Please use this identifier to cite or link to this item: http://hdl.handle.net/2440/73629
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Type: Journal article
Title: What lies beneath: Molecular phylogenetics and ancestral state reconstruction of the ancient subterranean Australian Parabathynellidae (Syncarida, Crustacea)
Author: Abrams, K.
Guzik, M.
Cooper, S.
Humphreys, W.
King, R.
Cho, J.
Austin, A.
Citation: Molecular Phylogenetics and Evolution, 2012; 64(1):130-144
Publisher: Academic Press Inc Elsevier Science
Issue Date: 2012
ISSN: 1055-7903
1095-9513
Statement of
Responsibility: 
K.M. Abrams, M.T. Guzik, S.J.B. Cooper, W.F. Humphreys, R.A. King, J.-L. Cho and A.D. Austin
Abstract: The crustacean family Parabathynellidae is an ancient and significant faunal component of subterranean ecosystems. Molecular data were generated in order to examine phylogenetic relationships amongst Australian genera and assess the species diversity of this group within Australia. We also used the resultant phylogenetic framework, in combination with an ancestral state reconstruction (ASR) analysis, to explore the evolution of two key morphological characters (number of segments of the first and second antennae), previously used to define genera, and assess the oligomerization principle (i.e. serial appendage reduction over time), which is commonly invoked in crustacean systematics. The ASR approach also allowed an assessment of whether there has been convergent evolution of appendage numbers during the evolution of Australian parabathynellids. Sequence data from the mtDNA COI and nDNA 18S rRNA genes were obtained from 32 parabathynellid species (100% of described genera and ~25% of described species) from key groundwater regions across Australia. Phylogenetic analyses revealed that species of each known genus, defined by traditional morphological methods, were monophyletic, suggesting that the commonly used generic characters are robust for defining distinct evolutionary lineages. Additionally, ancestral state reconstruction analysis provided evidence for multiple cases of convergent evolution for the two morphological characters evaluated, suggesting that caution needs to be shown when using these characters for elucidating phylogenetic relationships, particularly when there are few morphological characters available for reconstructing relationships. The ancestral state analysis contradicted the conventional view of parabathynellid evolution, which assumes that more simplified taxa (i.e. those with fewer-segmented appendages and setae) are derived and more complex taxa are primitive.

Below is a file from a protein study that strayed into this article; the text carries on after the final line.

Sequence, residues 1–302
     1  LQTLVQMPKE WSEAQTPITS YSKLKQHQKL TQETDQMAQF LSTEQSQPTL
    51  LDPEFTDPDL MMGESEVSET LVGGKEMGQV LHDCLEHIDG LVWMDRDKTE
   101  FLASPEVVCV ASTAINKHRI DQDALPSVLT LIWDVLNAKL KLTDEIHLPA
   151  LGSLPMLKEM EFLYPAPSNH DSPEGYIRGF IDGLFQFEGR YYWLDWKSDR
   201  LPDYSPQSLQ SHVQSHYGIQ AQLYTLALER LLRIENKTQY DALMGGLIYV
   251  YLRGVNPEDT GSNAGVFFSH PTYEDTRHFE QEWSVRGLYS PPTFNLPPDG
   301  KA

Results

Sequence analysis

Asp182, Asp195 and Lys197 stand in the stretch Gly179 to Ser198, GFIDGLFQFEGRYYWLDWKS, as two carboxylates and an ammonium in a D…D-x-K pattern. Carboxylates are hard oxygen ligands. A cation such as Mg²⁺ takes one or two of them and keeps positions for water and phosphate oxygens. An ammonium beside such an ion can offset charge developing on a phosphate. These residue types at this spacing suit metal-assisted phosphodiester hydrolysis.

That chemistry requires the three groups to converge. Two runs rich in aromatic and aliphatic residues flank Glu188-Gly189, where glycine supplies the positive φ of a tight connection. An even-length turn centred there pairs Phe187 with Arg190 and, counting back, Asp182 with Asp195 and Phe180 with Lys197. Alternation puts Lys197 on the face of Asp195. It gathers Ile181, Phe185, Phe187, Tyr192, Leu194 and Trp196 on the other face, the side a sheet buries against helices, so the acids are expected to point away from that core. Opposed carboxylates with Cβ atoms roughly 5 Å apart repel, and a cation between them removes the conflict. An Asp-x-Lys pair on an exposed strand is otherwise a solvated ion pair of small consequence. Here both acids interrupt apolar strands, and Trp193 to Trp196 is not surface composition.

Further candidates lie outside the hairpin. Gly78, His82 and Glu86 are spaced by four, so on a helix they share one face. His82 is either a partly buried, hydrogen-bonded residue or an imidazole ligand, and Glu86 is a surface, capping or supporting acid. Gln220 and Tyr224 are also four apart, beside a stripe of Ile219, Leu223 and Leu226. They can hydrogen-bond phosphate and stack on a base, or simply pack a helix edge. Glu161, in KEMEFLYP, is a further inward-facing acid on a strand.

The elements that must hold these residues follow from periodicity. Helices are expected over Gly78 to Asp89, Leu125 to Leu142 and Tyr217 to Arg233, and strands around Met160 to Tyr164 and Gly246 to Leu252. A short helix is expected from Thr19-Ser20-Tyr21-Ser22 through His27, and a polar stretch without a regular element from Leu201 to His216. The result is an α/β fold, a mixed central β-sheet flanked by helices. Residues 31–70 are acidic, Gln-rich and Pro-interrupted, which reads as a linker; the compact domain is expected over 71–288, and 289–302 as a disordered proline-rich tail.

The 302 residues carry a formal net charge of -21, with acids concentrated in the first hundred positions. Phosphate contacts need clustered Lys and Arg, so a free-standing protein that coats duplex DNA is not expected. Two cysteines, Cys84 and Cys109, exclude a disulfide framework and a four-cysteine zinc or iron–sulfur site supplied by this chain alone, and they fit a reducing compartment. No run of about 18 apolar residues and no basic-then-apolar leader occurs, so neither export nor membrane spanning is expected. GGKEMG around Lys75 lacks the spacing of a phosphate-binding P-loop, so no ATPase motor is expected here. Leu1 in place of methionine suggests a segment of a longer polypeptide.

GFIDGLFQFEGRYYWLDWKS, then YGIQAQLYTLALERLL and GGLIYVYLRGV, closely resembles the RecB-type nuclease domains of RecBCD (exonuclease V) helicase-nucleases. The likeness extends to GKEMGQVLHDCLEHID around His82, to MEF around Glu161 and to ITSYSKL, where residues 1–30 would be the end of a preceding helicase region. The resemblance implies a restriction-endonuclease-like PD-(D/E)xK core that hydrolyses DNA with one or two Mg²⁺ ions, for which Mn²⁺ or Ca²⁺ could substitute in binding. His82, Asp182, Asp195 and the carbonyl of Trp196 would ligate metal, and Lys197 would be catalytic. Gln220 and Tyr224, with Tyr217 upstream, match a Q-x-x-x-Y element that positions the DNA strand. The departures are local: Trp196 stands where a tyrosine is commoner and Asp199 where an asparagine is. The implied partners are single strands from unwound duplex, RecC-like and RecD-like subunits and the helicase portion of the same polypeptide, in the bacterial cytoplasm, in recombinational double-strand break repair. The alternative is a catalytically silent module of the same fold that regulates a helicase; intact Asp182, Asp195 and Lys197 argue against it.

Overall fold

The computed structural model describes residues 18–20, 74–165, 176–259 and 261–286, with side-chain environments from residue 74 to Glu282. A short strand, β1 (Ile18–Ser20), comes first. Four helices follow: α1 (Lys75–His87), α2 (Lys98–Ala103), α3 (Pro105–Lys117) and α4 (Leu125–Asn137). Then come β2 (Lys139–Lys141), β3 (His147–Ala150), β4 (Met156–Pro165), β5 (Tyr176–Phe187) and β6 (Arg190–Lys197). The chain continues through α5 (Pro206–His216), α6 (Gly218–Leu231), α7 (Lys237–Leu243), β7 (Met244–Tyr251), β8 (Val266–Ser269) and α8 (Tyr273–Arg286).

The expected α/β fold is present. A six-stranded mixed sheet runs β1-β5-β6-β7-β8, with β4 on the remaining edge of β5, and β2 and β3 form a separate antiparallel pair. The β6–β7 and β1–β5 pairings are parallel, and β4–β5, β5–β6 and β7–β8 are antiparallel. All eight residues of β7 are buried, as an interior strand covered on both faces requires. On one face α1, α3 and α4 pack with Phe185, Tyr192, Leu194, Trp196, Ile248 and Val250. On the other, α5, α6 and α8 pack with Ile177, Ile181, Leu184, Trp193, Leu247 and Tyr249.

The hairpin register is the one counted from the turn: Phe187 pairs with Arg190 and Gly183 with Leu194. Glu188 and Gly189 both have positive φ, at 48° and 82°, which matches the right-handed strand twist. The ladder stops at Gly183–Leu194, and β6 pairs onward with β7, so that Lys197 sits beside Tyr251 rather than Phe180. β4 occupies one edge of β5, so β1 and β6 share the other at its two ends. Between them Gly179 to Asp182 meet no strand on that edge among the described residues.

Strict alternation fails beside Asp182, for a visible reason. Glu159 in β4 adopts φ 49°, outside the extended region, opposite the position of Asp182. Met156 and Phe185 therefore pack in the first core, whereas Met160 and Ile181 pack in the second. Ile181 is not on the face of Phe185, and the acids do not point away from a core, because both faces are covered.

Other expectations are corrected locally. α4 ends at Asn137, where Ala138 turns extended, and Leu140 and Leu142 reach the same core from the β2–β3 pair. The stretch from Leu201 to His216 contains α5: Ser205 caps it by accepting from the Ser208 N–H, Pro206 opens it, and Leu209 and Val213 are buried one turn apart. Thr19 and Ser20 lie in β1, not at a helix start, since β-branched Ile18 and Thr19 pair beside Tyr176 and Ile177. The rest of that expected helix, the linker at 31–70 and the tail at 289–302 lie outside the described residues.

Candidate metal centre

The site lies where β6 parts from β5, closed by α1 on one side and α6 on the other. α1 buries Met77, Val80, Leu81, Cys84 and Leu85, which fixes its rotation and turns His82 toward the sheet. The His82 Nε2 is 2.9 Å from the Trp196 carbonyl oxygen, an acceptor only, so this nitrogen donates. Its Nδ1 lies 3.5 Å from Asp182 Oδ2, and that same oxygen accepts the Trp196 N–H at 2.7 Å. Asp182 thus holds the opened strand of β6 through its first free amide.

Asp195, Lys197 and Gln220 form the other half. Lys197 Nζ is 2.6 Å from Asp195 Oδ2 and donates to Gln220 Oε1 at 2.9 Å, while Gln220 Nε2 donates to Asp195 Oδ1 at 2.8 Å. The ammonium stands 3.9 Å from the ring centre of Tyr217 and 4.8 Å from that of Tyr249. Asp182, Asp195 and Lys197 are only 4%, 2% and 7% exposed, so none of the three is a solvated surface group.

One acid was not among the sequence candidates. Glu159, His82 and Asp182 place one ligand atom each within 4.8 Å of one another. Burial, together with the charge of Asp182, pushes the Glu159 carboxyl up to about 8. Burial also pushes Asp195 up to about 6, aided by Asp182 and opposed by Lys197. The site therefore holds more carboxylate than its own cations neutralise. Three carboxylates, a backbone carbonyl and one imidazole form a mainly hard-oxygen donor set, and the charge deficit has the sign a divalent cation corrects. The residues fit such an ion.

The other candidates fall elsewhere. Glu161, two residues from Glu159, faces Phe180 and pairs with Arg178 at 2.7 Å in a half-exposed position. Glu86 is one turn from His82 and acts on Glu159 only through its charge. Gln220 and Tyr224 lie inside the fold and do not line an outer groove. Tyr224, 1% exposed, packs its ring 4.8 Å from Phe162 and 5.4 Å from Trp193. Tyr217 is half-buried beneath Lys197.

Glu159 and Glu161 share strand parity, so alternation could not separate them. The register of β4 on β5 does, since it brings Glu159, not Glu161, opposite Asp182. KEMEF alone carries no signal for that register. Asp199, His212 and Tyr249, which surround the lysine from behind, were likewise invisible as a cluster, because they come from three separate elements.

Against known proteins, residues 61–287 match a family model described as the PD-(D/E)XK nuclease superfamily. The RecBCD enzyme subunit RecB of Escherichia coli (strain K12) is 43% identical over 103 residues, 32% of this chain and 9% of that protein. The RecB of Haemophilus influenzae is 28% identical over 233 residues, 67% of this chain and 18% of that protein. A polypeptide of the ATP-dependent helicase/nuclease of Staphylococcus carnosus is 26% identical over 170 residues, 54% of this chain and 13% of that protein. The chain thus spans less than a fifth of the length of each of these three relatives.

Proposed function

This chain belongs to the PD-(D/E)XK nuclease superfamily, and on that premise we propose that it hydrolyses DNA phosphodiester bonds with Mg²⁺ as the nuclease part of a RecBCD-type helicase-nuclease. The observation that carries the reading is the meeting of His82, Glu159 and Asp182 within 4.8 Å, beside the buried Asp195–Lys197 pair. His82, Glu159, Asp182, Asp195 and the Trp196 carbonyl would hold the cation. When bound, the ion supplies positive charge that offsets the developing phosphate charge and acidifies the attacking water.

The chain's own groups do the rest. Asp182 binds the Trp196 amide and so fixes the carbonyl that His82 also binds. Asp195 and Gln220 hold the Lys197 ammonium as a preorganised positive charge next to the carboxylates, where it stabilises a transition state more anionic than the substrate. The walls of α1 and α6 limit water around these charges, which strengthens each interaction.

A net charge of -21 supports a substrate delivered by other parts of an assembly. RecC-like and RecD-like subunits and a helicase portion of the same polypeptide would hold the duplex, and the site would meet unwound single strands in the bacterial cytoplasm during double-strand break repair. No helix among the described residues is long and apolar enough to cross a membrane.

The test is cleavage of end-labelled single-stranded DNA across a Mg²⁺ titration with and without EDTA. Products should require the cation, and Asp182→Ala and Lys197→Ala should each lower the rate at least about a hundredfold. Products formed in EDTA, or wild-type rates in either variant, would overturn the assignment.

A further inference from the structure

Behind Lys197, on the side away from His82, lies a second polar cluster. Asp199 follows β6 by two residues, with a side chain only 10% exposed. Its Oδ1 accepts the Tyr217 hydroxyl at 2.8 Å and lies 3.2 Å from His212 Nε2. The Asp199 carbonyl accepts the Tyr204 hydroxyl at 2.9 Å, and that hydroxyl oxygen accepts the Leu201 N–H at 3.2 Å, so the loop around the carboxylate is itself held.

Keywords: Animals; Crustacea; Electron Transport Complex IV; DNA, Ribosomal; DNA Primers; Bayes Theorem; Sequence Analysis, DNA; Phylogeny; Base Sequence; Models, Genetic; Molecular Sequence Data; Australia; Biological Evolution; Arthropod Antennae
Rights: © 2012 Elsevier Inc. All rights reserved.
RMID: 0020118941
DOI: 10.1016/j.ympev.2012.03.010
Grant ID: http://purl.org/au-research/grants/arc/LP0348753
http://purl.org/au-research/grants/arc/LP100200494
Appears in Collections:Earth and Environmental Sciences publications
Environment Institute Leaders publications
Environment Institute publications

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